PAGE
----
The AEC provided evidence and submissions to a number of parliamentary committees during 2009–10. The Joint Standing Committee on Electoral Matters (JSCEM) conducted an inquiry into events in the Division of Lindsay and reported in March 2010. The AEC lodged a submission with the JSCEM for its inquiry into allegations of irregularities in the South Australian state election. The AEC also lodged a submission with the Standing Committee on Finance and Public Administration for its inquiry into the Electoral and Referendum Amendment (How-to-Vote Card and Other Measures) Bill 2010 and the Electoral Referendum Amendment (Modernisation and Other Measures) Bill 2010.
On 18 March 2010, the government tabled its response to the JSCEM Report on the conduct of the 2007 federal election and matters related thereto. The government supported 47 recommendations, including:
Where appropriate, the AEC is progressing implementation of the recommendations that do not require legislative change, with an aim of implementing them in time for the 2010 federal election.
Legislative amendments were required to implement a number of the recommendations. In 2009–10, the government introduced a number of Bills to that effect. Of those:
See the 'Legal services' section of this chapter for a summary of the provisions of the Bills.
Following the introduction of the Parliamentary Electorates and Elections Amendment (Automatic Enrolment) Bill 2009 in New South Wales, in December 2009, the JSCEM conducted an inquiry into the implications of the Bill for the conduct of Commonwealth elections. The JSCEM tabled its report on 18 March 2010, recommending that automatic enrolment and election-day enrolment be introduced at the Commonwealth level. The government is considering the report.
The JSCEM also inquired into the distribution of unauthorised election material in the Division of Lindsay at the 2007 federal election. The JSCEM recommended that the Special Minister of State, in consultation with the Attorney-General, introduce legislation to update the penalty provisions of the Electoral Act and Referendum Act (including redrafting s.328 of the Electoral Act as a strict liability offence), then refer the legislation to the committee for a Bills inquiry. The JSCEM also recommended that, at the next federal election, the AEC record all reported polling place offences and the actions taken in response, and provide an appraisal of the adequacy of the powers under the Electoral Act to deal with polling place offences. The government is considering the report.
The AEC also worked with the Department of Finance and Deregulation to provide current information to the minister to assist with the preparation of a final government response to the 2008 JSCEM report on civics and electoral education, further to the interim government response that was tabled in October 2008.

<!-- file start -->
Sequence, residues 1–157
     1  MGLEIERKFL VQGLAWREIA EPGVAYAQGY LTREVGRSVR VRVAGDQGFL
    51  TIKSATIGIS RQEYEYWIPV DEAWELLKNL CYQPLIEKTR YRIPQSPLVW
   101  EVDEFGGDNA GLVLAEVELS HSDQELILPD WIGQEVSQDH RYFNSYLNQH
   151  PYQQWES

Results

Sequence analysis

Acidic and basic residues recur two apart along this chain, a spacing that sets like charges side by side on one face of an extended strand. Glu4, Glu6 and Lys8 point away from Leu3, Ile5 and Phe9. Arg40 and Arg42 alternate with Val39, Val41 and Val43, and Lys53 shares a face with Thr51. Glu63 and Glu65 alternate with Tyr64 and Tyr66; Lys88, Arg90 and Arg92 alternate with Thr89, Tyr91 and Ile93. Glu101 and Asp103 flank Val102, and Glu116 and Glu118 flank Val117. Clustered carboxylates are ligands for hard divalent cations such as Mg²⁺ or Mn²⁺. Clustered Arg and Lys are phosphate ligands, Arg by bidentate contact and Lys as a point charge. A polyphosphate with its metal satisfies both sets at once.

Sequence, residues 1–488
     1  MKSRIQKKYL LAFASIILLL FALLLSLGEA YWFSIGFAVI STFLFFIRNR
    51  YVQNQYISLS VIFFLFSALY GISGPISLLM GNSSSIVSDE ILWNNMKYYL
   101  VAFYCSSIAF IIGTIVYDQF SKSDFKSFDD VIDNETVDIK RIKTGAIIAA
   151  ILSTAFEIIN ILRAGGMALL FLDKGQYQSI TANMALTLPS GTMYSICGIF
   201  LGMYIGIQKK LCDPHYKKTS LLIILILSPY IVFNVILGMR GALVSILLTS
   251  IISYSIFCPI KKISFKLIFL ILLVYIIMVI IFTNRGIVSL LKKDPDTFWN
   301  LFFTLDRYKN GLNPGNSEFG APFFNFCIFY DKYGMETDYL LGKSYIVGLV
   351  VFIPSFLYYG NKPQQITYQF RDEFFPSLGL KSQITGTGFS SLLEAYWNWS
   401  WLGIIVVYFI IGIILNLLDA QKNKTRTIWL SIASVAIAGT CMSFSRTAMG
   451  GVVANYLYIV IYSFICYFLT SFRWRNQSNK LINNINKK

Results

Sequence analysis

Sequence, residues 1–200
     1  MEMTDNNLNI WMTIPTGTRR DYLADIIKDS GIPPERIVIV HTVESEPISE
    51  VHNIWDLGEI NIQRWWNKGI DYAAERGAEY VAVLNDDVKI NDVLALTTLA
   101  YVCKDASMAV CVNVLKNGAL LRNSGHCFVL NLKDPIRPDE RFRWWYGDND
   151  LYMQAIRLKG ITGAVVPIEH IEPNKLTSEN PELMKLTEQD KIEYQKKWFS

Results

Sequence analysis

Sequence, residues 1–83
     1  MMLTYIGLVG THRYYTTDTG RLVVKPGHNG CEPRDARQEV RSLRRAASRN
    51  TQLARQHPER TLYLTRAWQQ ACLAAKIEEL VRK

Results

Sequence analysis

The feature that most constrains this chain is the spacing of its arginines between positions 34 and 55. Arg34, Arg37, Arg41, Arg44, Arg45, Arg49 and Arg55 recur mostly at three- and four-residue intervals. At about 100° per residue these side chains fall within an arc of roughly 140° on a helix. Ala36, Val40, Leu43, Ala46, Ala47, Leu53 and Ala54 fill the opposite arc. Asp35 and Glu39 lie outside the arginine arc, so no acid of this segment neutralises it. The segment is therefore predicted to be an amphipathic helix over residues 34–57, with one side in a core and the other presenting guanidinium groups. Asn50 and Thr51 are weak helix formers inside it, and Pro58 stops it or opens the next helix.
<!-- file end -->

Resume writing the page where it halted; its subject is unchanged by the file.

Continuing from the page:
On 10 September 2009, the House of Representatives Standing Committee on Legal and Constitutional Affairs was asked to inquire into the effectiveness of the Referendum (Machinery Provisions) Act 1984 in providing an appropriate framework for the conduct of referendums. The committee was also asked to consider any amendments to the Act required to provide an appropriate framework for the conduct of referendums.
The committee tabled its report on 14 December 2009, making 17 recommendations. The key recommendation was that a 'referendum panel' should be established prior to each referendum. The panel, which would be independent of government, would develop an overarching communications strategy for the referendum, and identify what material should be provided so that electors could make an informed vote.
The committee also recommended that:
The recommendations have implications for a number of agencies, including the Department of the Prime Minister and Cabinet, the Attorney-General's Department and the Department of Finance and Deregulation, as well as the AEC. The government is considering the report.
The government released its second green paper on electoral reform in September 2009, seeking public submissions by 27 November 2009. Ninety-one submissions were received. The AEC has been working with the Electoral Reform Taskforce (coordinated by the Department of the Prime Minister and Cabinet, with membership from that department, the Department of Finance and Deregulation and the AEC) to assist the government in its ongoing consideration of matters arising from the consultation process.
Certain administrative decisions made by the AEC under the Electoral Act are subject to merits review under the Administrative Appeals Tribunal Act 1975.
Complaints about 'a matter of administration' relating to the functions of the AEC can be made to the Commonwealth Ombudsman under the Ombudsman Act 1976. Complaints about breaches of privacy rights may be lodged with the Federal Privacy Commissioner under the Privacy Act 1988 (the Privacy Act). Complaints that the AEC has unlawfully discriminated against a person may be made to the Australian Human Rights Commission under the Human Rights and Equal Opportunity Commission Act 1986.
In 2009–10, two new applications were lodged with the Administrative Appeals Tribunal (AAT) seeking the review of decisions made by the Commission:
A further application for review lodged with the AAT is by Mr Jared Hyams, seeking the review of a decision by the Australian Electoral Officer for Victoria to reject his claim for enrolment under s.101 of the Electoral Act because of his apparent failure to 'sign a claim' as required by s.101(1) of the Electoral Act. This matter is listed for the holding of a preliminary conference in August 2010. The issue in this case is rather novel as it involves the legal issue of what is a signature.